Renaissance babiesWe never found a park near the Pompidou Center, but after a spin through the Miró exhibition, we took Theo for his first multilevel escalator ride. Riding down plastic tubes on electric stairs, he ran, laughing, from one escalator level to the next. It was a 1-year-old's dream come true.

With our son, I looked at Renaissance art through a new lens. As we strolled down the hallways of the Richelieu wing of the Louvre, I noticed that the cupids and Baby Jesuses of classical art are modeled on 1-year-old boys like mine, all curly light-brown hair and pink cheeks (idealized with wings but no diapers). And I observed some interesting maternity clothing in the days of Christ: drapey tunics with well-placed slits.

Perhaps our best day was spent at the Luxembourg Gardens. It was our last day, and we chose a Theo-focused itinerary. The air smelled of flowers, fresh water and sunshine. One of the great attractions of the park, we read in our guidebook, is the Théâtre des Marionettes, where you can catch one of the classic puppet shows for a small admission fee.

When we arrived, the show had already started, the strollers were parked outside the theater in neat rows and our boy was asleep. We roused him and rushed into the darkness. It was a story of a sultan and his search for treasure, with a tiger and lots of evildoers. Children were crowded around the stage, squealing warnings at the hero. (The bad guy is behind you, look out! The treasure is over there, by the tree!)

Outside were swings, funky jungle gyms that would be sued out of existence in the U.S., a merry-go-round and more children than I had ever seen. Across the park a man with a cart rented tiny sailboats and poles. Adults soaked up the sun in green chairs scattered everywhere, while children chased the boats.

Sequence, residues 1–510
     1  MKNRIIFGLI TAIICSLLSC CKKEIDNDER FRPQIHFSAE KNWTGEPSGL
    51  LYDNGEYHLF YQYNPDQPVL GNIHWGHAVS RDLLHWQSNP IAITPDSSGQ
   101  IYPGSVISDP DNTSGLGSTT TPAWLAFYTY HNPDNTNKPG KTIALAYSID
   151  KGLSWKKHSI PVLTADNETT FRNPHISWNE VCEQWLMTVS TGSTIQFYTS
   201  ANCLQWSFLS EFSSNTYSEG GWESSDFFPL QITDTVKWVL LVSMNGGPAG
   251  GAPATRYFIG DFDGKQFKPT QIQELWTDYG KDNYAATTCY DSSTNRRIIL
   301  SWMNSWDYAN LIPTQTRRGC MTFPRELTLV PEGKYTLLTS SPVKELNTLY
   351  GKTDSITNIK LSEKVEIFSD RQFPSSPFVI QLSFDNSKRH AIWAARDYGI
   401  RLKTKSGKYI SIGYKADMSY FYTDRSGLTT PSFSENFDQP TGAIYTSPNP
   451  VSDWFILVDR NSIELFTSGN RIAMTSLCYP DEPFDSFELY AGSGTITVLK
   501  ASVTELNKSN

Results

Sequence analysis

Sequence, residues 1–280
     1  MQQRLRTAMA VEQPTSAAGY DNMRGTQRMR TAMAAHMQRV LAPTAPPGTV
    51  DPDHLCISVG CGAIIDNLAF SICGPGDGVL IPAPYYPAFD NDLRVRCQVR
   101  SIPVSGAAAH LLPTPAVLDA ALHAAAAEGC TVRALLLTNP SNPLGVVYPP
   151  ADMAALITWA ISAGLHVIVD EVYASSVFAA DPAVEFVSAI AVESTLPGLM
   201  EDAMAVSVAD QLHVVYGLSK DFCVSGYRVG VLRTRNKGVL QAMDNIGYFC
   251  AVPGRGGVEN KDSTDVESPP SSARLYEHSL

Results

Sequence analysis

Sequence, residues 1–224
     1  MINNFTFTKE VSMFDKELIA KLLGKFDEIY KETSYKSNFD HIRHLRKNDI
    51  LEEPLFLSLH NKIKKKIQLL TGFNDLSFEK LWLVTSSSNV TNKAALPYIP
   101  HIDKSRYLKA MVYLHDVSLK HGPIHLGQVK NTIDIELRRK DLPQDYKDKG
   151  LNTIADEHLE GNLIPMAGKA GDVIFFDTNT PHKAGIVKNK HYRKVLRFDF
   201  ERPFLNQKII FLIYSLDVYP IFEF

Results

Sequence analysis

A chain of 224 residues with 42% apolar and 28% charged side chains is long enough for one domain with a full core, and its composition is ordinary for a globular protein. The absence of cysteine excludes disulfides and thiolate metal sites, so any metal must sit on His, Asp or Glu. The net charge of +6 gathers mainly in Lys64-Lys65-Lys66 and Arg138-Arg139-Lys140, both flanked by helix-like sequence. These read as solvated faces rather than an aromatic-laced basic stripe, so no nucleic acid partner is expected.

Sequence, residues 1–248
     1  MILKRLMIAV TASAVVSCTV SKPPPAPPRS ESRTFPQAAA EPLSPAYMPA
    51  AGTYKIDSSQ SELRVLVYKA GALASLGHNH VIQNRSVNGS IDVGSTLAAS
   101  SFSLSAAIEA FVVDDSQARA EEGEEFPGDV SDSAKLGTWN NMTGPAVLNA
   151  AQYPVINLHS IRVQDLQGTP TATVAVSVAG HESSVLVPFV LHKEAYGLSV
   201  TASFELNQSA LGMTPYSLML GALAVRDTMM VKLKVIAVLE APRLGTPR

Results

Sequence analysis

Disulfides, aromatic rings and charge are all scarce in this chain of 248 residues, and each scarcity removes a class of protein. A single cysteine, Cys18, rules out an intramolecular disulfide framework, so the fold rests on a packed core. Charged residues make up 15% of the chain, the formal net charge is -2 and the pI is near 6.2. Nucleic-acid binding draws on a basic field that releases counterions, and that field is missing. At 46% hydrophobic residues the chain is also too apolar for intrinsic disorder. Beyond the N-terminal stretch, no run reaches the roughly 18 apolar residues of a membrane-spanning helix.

Our biggest regret was that we couldn't do the prix fixe menu. At least not together. We tried. We wanted one perfect meal, so we walked all day, trying to time the moment when our son's head would sag, then fall. But short of tranquilizers, you can't time a nap.

Just once, he fell asleep right on cue. We got ourselves into a super-chic bistro we had been eyeing for days. They found a place for us in a nonsmoking section. We toasted each other and winced when the waiter jogged the stroller.

When the smell of a perfectly cooked steak au poivre wafted over the table, he stirred, and before we could get one bite into our mouths, he was up, grasping for glasses, silverware, the tablecloth.

So we changed tactics. We dined early. Our best meal was at a quintessentially French bistro in Montmartre. There were no lines to guide us, because we were dining hours before any Parisian. The food came, and we ate in shifts. While I chased my son around the restaurant, I watched as my husband bit into warm Camembert, and the gooey center oozed out into the fresh salad. I could see his face redden, tears fill his eyes. He looked as though he were seeing God. He stuck wads of bread into his escargot shells to sop up the last of the sauce.

Swap. My turn!

The bartender made Theo his own nonalcoholic cocktail and an older woman let him play with her lap dog. An artist at the bar watched him swinging his tiny rainbow umbrella and exclaimed, "He is a tiny star in his own spectacle!"

As for my husband and me, we talked a little existential philosophy, and we stole a few quick kisses on some park benches, but we never got our French cigarette. I had to settle for sneaking one on a lunch break when I got back to Los Angeles. And as I did, I let my mind drift back to our magical time in Paris, with our baby. Ooh-la-la, was it divine.

Copyright © 2014, Los Angeles Times